Page:Austen - Northanger Abbey. Persuasion, vol. III, 1818.djvu/281

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275

isa, or those who were wrapt up in her welfare.

Captain Benwick was most considerately attentive to her; and, united as they all seemed by the distress of the day, she felt an increasing degree of good-will towards him, and a pleasure even in thinking that it might, perhaps, be the occasion of continuing their acquaintance.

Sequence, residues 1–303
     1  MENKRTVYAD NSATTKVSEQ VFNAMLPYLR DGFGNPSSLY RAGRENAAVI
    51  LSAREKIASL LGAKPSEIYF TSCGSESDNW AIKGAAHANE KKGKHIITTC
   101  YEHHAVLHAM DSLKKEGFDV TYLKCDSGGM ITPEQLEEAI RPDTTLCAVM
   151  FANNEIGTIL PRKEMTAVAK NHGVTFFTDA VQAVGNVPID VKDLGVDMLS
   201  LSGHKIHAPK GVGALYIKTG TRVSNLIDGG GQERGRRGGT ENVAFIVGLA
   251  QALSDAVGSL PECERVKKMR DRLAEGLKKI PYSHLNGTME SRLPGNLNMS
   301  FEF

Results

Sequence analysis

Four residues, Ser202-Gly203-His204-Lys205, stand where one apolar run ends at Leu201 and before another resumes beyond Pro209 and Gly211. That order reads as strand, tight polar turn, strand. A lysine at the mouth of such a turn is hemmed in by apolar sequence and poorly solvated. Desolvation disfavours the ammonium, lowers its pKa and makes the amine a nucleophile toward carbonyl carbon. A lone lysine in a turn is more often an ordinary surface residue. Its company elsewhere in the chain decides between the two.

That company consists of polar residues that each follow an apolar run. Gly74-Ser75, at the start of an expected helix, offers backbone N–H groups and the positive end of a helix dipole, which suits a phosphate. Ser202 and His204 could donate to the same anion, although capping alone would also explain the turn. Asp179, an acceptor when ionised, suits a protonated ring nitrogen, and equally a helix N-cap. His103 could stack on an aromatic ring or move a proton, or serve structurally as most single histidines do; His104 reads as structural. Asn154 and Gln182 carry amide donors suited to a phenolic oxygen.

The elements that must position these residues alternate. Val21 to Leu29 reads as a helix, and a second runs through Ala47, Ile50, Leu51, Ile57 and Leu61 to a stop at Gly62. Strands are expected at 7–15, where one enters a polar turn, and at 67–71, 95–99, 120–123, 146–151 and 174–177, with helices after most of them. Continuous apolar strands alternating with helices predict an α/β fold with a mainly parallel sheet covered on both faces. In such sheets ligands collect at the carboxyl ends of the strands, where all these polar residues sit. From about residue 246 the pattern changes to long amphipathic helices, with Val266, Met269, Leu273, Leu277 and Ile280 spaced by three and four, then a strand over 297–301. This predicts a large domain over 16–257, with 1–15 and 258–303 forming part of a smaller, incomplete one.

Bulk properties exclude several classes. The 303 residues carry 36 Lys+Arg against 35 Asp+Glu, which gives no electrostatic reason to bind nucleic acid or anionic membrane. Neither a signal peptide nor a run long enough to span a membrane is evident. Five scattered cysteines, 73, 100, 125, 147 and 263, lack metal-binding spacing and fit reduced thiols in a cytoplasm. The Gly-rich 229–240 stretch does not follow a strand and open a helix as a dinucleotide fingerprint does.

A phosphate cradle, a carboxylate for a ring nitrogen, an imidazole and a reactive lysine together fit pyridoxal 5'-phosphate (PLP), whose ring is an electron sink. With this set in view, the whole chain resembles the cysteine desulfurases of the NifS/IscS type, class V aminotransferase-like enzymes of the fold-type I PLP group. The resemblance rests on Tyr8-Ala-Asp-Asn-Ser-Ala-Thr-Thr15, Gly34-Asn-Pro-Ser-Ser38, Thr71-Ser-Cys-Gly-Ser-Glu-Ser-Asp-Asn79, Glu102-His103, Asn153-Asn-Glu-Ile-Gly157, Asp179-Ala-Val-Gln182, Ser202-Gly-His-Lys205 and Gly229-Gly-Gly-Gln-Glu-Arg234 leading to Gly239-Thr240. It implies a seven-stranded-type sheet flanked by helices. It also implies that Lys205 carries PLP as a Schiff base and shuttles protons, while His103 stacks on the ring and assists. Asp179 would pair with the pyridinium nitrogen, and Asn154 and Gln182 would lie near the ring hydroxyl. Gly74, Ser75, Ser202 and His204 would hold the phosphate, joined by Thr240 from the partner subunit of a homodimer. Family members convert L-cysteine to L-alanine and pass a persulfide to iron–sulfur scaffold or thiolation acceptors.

Captain Wentworth was on the watch for them, and a chaise and four in waiting, stationed for their convenience in the lowest part of the street; but his evident surprise and vexation, at the substitution of one sister for the other—the change of his countenance—the astonishment—the expressions begun and suppressed, with which Charles was listened to, made but a mortitying reception of Anne; or must at least convince her that